Avodah Mailing List

Volume 21: Number 10

Tue, 21 Nov 2006

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Subjects Discussed In This Issue:
Message: 1
From: Zev Sero <zev@sero.name>
Date: Mon, 20 Nov 2006 21:25:34 -0500
Re: [Avodah] Ma'aseh eretz Mitzrayim

Micha Berger wrote:
> How is this defined? Rashi speaks of people marrying each other, but
> how does one define marriage without invoking the concepts of eirusin
> and niru'in? Are we talking about common law, just living together
> monogamously?

No, we're talking about marriage.  Elsewhere the gemara talks about
"writing a ketuba".  Of course goyim don't have a kosher ketuba with
the same provisions as ours do, but they have marriage ceremonies
and certificates, and they attach great value to these, and take
care to distinguish them from de facto relationships.  Just look at
all the ink that is being spilled nowadays over same-sex marriage in
the USA, and all the emotion that is poured out over it, on both
sides; why do you think they care?  Why is it that while a majority
of USAns support civil unions giving same-sex couples the same rights
as married mixed-sex ones, i.e. marriage in all but name, a vast
majority oppose marriage by name?  And why do the radical gay
activists insist that civil union is not enough, and they must davka
have it called marriage?  Obviously "shma milta hi".  And IMHO it's
precisely that "shma milta" that Chazal included under the rubric of
"maaseh eretz mitzrayim".

> What's the ma'aseh aveirah of KMEM aside from that of actual MZ or
> nashim hamesolelot?

I don't think actual MZ *is* included in "maaseh eretz mitzrayim".
It's not a parody or imitation of a normal relationship between
husband and wife, it doesn't pretend to be anything but what it is.
It's an avera, but it isn't this avera.

Zev Sero               Something has gone seriously awry with this Court's
zev@sero.name          interpretation of the Constitution.
                       	                          - Clarence Thomas

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Message: 2
From: saul mashbaum <smash52@netvision.net.il>
Date: Mon, 20 Nov 2006 23:15:48 +0200
Re: [Avodah] Noach and Lashon T'horah

RISober wrote:

>It is not assur to  become tamei, and some important mitzvot (like pru urvu and caring for and
>burying the dead) require one to become tamei.

To this we may add the process of the para adumah; in order to effect this tahara, the Kohen himself had to become tamei.

I think that the haskafic implications of the fact that the Kohen had to defile himself in a minor way in order to effect a major purification of many people is obvious.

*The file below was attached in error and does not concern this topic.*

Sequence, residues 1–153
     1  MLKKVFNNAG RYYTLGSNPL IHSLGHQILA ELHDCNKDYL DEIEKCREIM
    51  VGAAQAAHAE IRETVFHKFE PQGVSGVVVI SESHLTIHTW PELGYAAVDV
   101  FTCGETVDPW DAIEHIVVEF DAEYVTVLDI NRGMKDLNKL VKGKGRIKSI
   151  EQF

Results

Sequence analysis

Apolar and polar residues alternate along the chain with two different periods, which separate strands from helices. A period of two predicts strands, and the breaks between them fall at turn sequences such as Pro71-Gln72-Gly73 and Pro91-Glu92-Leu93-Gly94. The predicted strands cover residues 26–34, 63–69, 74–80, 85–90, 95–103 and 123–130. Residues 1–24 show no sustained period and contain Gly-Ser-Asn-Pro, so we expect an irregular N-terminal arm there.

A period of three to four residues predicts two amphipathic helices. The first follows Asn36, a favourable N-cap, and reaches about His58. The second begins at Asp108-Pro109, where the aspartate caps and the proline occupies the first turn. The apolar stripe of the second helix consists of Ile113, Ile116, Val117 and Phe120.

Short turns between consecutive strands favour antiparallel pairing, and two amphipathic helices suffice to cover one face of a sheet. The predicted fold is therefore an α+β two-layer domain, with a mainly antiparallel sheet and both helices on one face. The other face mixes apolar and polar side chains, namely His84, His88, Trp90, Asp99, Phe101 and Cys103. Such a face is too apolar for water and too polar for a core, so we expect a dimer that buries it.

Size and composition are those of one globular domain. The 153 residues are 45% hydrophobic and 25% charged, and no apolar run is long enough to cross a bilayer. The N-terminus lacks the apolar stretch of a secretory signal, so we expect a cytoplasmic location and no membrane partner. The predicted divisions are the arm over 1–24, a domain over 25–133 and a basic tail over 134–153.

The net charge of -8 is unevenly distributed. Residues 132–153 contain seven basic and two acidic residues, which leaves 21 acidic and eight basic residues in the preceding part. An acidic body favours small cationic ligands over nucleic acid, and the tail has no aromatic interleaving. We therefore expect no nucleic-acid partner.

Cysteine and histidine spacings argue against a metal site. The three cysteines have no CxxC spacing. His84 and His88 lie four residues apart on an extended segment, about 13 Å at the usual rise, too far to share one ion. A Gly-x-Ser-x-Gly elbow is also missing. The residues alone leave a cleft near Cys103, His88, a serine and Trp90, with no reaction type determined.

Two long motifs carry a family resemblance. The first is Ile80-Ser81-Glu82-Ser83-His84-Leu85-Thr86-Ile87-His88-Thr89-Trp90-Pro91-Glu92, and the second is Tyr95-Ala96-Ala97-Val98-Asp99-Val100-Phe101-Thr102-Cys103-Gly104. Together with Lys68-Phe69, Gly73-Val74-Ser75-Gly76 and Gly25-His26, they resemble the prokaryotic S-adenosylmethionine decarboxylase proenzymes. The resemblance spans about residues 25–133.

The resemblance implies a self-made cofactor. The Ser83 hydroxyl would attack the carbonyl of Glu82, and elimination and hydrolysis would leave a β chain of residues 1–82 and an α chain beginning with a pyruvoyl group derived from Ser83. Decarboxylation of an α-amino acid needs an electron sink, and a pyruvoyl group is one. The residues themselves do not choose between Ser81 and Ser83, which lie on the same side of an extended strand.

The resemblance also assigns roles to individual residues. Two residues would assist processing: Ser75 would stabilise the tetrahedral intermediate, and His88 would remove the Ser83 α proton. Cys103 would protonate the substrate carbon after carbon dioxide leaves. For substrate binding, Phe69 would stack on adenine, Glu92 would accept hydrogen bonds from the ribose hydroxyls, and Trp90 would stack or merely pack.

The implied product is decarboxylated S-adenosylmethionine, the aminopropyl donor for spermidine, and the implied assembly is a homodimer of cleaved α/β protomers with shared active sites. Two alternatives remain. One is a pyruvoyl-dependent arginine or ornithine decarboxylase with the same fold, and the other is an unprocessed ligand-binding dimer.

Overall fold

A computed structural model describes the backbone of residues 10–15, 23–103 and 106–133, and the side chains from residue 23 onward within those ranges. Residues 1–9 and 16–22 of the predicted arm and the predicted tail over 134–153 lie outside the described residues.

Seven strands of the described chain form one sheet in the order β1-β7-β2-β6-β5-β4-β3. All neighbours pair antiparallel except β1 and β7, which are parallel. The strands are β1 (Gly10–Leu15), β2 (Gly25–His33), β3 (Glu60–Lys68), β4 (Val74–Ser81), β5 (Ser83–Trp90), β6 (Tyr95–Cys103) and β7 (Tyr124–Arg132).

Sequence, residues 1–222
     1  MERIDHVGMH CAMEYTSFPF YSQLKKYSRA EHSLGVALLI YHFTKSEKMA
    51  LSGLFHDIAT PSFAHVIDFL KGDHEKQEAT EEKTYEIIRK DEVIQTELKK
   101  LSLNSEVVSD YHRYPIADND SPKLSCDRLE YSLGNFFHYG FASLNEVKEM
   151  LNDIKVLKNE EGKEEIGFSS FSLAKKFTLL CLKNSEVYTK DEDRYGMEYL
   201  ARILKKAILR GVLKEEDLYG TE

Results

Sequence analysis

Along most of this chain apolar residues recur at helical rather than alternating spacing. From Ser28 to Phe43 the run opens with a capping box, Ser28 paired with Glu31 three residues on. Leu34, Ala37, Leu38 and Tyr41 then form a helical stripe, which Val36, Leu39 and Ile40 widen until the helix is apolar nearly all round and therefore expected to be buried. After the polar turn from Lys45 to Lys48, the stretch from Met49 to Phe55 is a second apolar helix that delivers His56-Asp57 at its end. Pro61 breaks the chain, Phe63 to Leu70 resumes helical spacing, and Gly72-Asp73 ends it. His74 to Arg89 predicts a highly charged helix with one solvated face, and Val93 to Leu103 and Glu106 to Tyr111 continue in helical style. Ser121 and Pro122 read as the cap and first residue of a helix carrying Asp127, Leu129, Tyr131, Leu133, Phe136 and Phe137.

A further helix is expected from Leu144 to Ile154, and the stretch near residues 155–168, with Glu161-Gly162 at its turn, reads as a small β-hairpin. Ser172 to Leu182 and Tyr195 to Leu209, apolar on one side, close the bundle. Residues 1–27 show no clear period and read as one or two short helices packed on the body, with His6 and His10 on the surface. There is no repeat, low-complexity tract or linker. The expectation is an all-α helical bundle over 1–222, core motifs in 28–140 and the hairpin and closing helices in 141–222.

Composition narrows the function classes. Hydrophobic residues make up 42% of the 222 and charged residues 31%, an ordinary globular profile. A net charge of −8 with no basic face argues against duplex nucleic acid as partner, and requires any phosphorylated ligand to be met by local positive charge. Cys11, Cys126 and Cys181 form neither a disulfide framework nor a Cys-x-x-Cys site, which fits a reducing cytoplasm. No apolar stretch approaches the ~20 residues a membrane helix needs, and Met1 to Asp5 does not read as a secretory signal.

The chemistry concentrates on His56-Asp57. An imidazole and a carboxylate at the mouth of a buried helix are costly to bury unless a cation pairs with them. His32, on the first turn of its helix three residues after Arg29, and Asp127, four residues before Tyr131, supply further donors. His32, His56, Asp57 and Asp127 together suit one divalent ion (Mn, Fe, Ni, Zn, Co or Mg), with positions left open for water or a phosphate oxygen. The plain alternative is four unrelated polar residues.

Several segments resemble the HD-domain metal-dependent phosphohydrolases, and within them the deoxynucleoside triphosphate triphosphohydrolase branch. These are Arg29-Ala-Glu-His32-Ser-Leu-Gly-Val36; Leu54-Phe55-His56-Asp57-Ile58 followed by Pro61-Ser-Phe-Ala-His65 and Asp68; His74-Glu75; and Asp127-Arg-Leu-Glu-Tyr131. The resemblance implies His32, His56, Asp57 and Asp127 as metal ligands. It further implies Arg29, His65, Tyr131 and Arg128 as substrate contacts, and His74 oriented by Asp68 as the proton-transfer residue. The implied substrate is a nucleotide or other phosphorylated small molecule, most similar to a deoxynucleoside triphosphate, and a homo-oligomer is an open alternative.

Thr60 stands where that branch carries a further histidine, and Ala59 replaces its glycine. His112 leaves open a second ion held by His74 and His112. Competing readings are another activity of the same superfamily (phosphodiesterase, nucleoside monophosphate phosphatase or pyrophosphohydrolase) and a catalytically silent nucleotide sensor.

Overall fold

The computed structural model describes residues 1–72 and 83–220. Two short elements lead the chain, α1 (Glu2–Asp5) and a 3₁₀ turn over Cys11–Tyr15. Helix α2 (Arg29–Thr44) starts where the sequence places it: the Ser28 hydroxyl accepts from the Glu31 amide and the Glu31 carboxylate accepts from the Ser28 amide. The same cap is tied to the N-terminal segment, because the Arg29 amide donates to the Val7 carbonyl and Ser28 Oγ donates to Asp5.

Saul Mashbaum

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Message: 3
From: "Cantor Wolberg" <cantorwolberg@cox.net>
Date: Mon, 20 Nov 2006 21:55:36 -0500
[Avodah] Teachers learn from students

Daniel Eidensohn wrote:
"I simply don't understand what happened and what we are supposed to 
learn from this."

If I had to sum up in one sentence what we are supposed to learn from it:
It would be "Two wrongs don't make a right."
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Message: 4
From: saul mashbaum <smash52@netvision.net.il>
Date: Tue, 21 Nov 2006 00:12:04 +0200
[Avodah] Distinguishing Peshat from Derash

RYHenkin quotes from his book "Equality Lost," chapter three on the subject of peshat and derash.

The subject of midrashic literature and its relationship to the biblical text is extensively treated in "Learning to Read Midrash" by listmember Simi Peters [Urim Publications, 2004]. Of particular interest is her discussion of this topic on pp 13-15, where she distinguishes between parshanut (interpretation) and darshanut (homiletics). Chapter 8 "Understanding the Narrative Expansion" particularly pp 99-103 examines the kind of textual difficulties midrashic narratives (harchavot sippur) help to resolve. In a section titled "Interpreation, Not Extension" she notes that many midrashim "could be ... accurately understood as Hazal's commentary on the Tanach"; the interpretion the biblical text authors of the midrash is in many ways similar to that of the classic biblical commentators.

IMO, this work is literally a must read for anyone interested in this subject.

Saul Mashbaum

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Message: 5
From: "Mike Wiesenberg" <torahmike@gmail.com>
Date: Mon, 20 Nov 2006 21:06:59 -0500